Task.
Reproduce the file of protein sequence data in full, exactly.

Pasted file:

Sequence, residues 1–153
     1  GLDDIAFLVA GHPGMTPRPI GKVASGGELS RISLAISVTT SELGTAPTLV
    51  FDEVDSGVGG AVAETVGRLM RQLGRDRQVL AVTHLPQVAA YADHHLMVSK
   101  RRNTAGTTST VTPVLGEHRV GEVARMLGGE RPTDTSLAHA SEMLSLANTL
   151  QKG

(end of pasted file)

Sequence, residues 1–153
     1  GLDDIAFLVA GHPGMTPRPI GKVASGGELS RISLAISVTT SELGTAPTLV
    51  FDEVDSGVGG AVAETVGRLM RQLGRDRQVL AVTHLPQVAA YADHHLMVSK
   101  RRNTAGTTST VTPVLGEHRV GEVARMLGGE RPTDTSLAHA SEMLSLANTL
   151  QKG